The Spine, the Brain, & the Central Nervous System

Category: Spine | Author: Stefano Sinicropi | Date: April 22, 2014

central nervous systemIt’s a given the spine surgeons must know the human spinal cord inside and out. Performing surgery on such a complex and vital bodily system requires a dearth of knowledge. But spinal surgeons must also have a comprehensive understanding of the human brain. Why? Because the spinal cord and brain are inextricably linked. In this article we will explore the connection between the brain and spine.

The Central Nervous System

Combined, the brain and spinal cord make up the central nervous system (CNS). The CNS controls nearly every action that our bodies perform, from walking, to eating, to breathing. Simply put, the central nervous system is the most functionally important system in our bodies. Without it we would shut down.

The brain has three primary parts:

  1. The Cerebrum – controls simple muscle movement, speech, and emotions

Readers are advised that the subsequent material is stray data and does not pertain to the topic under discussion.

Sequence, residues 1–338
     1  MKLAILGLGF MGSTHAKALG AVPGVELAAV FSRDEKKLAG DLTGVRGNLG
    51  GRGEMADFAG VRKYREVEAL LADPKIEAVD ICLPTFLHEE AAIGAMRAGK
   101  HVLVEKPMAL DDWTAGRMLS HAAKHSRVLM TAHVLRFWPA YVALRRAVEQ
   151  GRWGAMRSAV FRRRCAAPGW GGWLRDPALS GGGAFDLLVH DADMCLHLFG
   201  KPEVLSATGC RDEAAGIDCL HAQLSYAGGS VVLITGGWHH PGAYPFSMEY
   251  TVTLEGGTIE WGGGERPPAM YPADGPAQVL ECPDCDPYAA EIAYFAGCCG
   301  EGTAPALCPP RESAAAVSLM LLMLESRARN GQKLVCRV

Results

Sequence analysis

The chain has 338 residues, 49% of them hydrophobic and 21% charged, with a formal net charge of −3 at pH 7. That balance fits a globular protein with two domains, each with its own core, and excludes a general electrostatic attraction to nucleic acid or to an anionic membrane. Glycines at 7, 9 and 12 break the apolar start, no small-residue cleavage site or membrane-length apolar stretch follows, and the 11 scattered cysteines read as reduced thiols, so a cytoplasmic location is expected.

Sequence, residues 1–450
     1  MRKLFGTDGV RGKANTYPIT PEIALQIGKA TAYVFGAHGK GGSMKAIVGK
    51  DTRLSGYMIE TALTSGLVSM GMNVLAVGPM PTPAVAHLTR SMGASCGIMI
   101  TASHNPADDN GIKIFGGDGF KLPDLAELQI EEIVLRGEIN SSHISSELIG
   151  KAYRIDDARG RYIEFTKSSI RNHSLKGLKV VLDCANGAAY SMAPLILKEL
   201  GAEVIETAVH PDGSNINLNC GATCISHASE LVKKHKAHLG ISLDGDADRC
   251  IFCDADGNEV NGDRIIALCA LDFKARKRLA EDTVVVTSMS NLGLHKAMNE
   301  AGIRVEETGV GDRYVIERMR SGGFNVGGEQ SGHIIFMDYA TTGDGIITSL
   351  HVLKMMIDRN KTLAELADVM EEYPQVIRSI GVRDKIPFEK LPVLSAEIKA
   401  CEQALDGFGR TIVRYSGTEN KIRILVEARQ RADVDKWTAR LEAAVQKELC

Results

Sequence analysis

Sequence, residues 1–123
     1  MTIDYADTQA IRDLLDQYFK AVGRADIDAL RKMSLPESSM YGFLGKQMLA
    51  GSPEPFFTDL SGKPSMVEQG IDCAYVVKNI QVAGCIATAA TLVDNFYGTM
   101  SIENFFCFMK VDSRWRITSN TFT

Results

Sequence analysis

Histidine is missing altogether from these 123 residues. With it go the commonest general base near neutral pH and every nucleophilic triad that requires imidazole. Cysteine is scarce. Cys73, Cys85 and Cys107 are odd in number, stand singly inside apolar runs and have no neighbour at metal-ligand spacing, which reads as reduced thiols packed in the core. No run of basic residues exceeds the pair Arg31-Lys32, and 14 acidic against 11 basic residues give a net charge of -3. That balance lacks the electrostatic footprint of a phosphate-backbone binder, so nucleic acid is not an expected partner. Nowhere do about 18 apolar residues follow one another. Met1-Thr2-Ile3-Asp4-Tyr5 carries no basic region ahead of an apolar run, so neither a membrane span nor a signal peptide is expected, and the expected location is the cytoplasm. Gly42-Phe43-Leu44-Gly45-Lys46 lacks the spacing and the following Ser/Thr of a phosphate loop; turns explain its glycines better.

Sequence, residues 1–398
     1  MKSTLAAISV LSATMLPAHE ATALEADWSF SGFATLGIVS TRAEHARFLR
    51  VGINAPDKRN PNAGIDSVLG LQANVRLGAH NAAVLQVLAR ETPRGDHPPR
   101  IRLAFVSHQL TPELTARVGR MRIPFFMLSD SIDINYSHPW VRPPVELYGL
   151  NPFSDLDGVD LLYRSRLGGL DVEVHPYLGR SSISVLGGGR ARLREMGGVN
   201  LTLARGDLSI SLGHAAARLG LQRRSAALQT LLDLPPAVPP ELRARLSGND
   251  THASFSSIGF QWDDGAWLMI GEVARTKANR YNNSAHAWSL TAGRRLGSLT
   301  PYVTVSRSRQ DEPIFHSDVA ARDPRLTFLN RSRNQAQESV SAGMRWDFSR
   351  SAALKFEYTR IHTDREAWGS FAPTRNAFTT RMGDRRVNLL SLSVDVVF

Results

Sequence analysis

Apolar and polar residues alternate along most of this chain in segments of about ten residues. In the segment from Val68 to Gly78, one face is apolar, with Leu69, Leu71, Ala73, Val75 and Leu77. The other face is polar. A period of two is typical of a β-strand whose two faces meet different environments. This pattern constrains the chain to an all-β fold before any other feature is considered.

2. The Cerebellum – controls more complex muscle movements like walking
  3. The Brain Stem – controls basic functions like breathing

The brain stem connects directly to the spinal cord and allows nerves to travel from the brain all the way down through the spinal cord and into the other regions of the body. These nerves transmit information from anywhere in the body to the brain, which then directs actions. For example, when you raise your right hand, a signal travels from your hand through the nerves, all the way up to your brain. When the brain receives this signal it directs the movement of your right hand. This all happens in fractions of a second. Other signals are sent involuntarily to and from the brain to keep the body operating. For example, you don’t have to think about breathing or making your heartbeat – these functions just happen regularly.

Injuries to the CNS

Since the spine, brain, and central nervous system are so integral to our functionality it can be disastrous with the system is interfered with. Pinched nerves, bulging discs, and trauma to the back or neck can negatively impact these nerves. Most spine surgeries are meant to correct these conditions when they occur and to keep the body functioning and pain free.

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